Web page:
Gender Ministry launches ‘Orange’ campaign

The Ministry of Gender, Children and Social Protection has launched a campaign for 16 days of intense activism against gender-based violence focusing on what often pertains at the school setting.

The campaign, which is on the theme: “From Peace in the Home to Peace in the World: Make School Safe for All,” would also be code-named the ‘Orange Day’.

This is to identify with the brightness and optimist colour to call upon activists, governments, and United Nations partners to mobilise people and continually highlight issues relevant to preventing and ending violence against women and girls.

The Orange Day would also be marked every November 25, which is designated as the International Day for the Elimination of Violence against Women.

It also creates a powerful platform to educate the public and governments about gender-based violence, human rights and the intersections of political, economic and social realities.

Nana Oye Lither, the Minister of Gender, Children and Social Protection, said the theme was in direct recognition to the fact that education was a public good and a fundamental human right recognised in Article 26 of the 1948 Universal Declaration on Human Rights, which was upheld in various international and regional human rights conventions and treaties.

According to her, the 16-day campaign begins from November 25, to commence celebrations for the International Day for the Elimination of Violence against Women, and would end on December 10, 2015, to mark the International Human Rights Day.

It involves more than 5,478 organisations and other participants from 187 countries and territories worldwide and calls for an end to gender-based violence and accountability on the part of policy makers and community members to end violence, discrimination and inequality.

She said during the period, emphasis would be laid on the fact that gender-based violence in its many forms constituted a human rights violation, and a direct response to the presently increasing violence against education, especially of young girls and women, as in the case of the forceful abduction of the Chibok school girls in Nigeria.

“We sympathise with girls and women in many parts of the world who, in spite of these conventions, have had their education affected by growing violence and conflict,” she said.

She said evidence indicated that school-based violence affected millions of children and adolescents worldwide, and described it as one of the worst manifestations of gender discrimination, which violated a wide range of children’s rights.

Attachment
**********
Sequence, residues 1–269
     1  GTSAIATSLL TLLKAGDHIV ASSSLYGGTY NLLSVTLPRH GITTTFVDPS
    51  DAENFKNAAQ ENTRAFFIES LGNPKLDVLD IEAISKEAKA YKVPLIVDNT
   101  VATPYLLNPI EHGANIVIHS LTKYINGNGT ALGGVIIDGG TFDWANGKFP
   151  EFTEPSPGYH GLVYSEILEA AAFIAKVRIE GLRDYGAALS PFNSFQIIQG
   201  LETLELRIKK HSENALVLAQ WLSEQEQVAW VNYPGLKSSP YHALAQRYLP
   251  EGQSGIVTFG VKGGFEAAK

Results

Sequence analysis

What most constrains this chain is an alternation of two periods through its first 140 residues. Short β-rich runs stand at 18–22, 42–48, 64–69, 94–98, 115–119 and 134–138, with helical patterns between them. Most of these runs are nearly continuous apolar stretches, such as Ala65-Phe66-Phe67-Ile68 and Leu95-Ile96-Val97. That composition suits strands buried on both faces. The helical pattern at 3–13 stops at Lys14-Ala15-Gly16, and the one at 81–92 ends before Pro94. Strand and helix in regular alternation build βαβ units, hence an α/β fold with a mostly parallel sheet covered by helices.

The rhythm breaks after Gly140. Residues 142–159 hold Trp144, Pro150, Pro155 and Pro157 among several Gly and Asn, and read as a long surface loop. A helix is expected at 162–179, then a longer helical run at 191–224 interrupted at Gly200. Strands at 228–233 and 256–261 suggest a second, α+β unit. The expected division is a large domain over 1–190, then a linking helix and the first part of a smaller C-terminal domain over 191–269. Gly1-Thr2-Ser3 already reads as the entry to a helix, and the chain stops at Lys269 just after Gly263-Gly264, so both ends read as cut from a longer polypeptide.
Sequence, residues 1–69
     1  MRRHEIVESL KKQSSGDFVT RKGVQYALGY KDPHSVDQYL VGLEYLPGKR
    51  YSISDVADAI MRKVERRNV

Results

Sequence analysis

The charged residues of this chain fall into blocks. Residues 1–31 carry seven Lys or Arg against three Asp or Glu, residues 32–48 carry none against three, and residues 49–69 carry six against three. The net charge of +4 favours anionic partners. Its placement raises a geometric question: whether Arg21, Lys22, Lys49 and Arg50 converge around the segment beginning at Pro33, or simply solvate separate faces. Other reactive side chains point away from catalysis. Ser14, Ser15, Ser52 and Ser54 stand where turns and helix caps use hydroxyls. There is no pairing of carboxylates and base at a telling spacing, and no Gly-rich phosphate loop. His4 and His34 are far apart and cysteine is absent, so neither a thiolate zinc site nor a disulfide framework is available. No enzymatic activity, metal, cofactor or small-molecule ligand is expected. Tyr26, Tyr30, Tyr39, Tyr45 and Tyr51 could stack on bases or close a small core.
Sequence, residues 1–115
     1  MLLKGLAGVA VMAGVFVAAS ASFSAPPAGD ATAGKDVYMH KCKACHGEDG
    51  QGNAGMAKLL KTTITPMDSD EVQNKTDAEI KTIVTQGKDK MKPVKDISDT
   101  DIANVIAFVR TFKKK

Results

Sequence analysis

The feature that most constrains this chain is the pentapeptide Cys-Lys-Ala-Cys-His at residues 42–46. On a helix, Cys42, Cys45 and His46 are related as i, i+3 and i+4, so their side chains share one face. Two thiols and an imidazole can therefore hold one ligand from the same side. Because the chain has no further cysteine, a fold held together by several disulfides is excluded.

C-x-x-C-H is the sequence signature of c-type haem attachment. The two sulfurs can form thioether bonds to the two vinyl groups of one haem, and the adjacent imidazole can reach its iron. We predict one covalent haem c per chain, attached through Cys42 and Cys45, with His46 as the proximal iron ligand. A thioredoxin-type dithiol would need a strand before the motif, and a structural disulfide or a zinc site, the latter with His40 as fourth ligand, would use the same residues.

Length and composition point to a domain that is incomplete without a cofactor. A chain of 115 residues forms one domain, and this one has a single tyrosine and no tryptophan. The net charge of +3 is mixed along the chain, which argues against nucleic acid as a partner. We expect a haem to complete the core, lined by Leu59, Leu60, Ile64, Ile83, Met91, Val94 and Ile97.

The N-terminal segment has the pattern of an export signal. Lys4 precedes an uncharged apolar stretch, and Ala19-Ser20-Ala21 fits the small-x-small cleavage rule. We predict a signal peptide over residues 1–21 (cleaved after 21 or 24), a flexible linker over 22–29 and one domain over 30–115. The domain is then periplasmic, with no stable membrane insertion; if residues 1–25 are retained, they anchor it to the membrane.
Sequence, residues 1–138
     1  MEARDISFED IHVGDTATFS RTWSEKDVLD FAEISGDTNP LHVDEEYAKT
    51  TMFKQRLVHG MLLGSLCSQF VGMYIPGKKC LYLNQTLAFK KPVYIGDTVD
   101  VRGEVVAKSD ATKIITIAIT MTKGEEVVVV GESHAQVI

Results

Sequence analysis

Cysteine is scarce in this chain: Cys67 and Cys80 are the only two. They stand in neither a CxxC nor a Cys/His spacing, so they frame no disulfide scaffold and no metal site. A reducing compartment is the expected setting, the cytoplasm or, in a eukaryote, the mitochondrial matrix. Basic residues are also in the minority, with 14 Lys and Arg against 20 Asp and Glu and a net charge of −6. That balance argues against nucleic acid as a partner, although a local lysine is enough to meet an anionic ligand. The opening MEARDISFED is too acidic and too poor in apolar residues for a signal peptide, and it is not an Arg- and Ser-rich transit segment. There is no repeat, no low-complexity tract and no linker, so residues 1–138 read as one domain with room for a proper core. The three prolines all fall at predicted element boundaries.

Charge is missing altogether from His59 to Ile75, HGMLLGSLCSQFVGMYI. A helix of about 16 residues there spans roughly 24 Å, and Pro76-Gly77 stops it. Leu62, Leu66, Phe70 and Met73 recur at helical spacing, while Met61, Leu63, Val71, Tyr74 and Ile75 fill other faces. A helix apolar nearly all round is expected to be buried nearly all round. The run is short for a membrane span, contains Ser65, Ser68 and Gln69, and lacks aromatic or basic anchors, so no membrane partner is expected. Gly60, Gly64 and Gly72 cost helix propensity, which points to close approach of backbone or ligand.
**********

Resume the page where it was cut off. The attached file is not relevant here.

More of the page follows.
Nana Oye said the government acknowledged the importance of education as a critical tool for empowering and transforming the lives of young people, especially girls, yet widespread gender-based violence in and around schools seriously undermined the achievement of quality, inclusive and equitable education for all children.

“Recent estimates from Plan International (2013), based on the number of children affected by verbal bullying, a common form of violence in schools, show 246 million boys and girls suffering from school-related violence every year,” she said.

On the issue of early or forced marriages as forms of violations against women, she said it currently affected about 14 million adolescents worldwide, with other researches indicating potential increases in the near future.

Nana Oye said in response to these challenges, the Government through the Gender Ministry, and in collaboration with the United Nation’s Population Fund (UNFPA), had set up gender-based violence response centres at Agbogbloshie and Mallam-Atta Markets in Accra to provide comprehensive packages of integrated medical, legal and psychological support to victims and survivors of gender-based violence.

It would be expanding the facility to other places country wide.

She said the Gender Ministry had also instituted the necessary legal and policy framework to address issues that affected women’s rights, and called on stakeholders to concentrate their energies on issues that worked against women and children.

An Assistant Commissioner of Police, Habiba Twumasi Sarpong, the National Coordinator at the Domestic Violence and Victim Support Division of the Ghana Police Service, appealed to the public to collaborate with authorities by reporting perpetrators of gender-based violence in order to reduce the staggering statistics.

Other collaborators including ActionAid Ghana, the UNFPA, DOVVSU and other child rights organisations operating in the country pledged their commitment towards the campaign to eliminate the menace. GNA

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